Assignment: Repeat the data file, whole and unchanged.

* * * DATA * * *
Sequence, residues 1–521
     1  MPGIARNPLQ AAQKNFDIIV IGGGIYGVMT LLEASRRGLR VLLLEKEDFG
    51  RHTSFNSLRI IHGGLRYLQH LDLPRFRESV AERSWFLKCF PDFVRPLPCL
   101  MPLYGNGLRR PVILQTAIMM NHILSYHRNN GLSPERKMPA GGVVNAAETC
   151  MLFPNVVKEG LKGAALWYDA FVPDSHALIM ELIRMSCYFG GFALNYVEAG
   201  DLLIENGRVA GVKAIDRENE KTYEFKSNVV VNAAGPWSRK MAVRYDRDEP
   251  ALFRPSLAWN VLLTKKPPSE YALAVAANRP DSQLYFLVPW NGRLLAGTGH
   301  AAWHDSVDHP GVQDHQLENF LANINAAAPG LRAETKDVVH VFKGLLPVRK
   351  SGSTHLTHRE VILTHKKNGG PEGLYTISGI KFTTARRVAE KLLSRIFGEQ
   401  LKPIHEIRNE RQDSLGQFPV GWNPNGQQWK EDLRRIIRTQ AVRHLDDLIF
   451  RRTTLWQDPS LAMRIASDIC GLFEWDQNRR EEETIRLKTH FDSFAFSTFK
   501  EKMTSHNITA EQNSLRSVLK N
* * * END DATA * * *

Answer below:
Sequence, residues 1–521
     1  MPGIARNPLQ AAQKNFDIIV IGGGIYGVMT LLEASRRGLR VLLLEKEDFG
    51  RHTSFNSLRI IHGGLRYLQH LDLPRFRESV AERSWFLKCF PDFVRPLPCL
   101  MPLYGNGLRR PVILQTAIMM NHILSYHRNN GLSPERKMPA GGVVNAAETC
   151  MLFPNVVKEG LKGAALWYDA FVPDSHALIM ELIRMSCYFG GFALNYVEAG
   201  DLLIENGRVA GVKAIDRENE KTYEFKSNVV VNAAGPWSRK MAVRYDRDEP
   251  ALFRPSLAWN VLLTKKPPSE YALAVAANRP DSQLYFLVPW NGRLLAGTGH
   301  AAWHDSVDHP GVQDHQLENF LANINAAAPG LRAETKDVVH VFKGLLPVRK
   351  SGSTHLTHRE VILTHKKNGG PEGLYTISGI KFTTARRVAE KLLSRIFGEQ
   401  LKPIHEIRNE RQDSLGQFPV GWNPNGQQWK EDLRRIIRTQ AVRHLDDLIF
   451  RRTTLWQDPS LAMRIASDIC GLFEWDQNRR EEETIRLKTH FDSFAFSTFK
   501  EKMTSHNITA EQNSLRSVLK N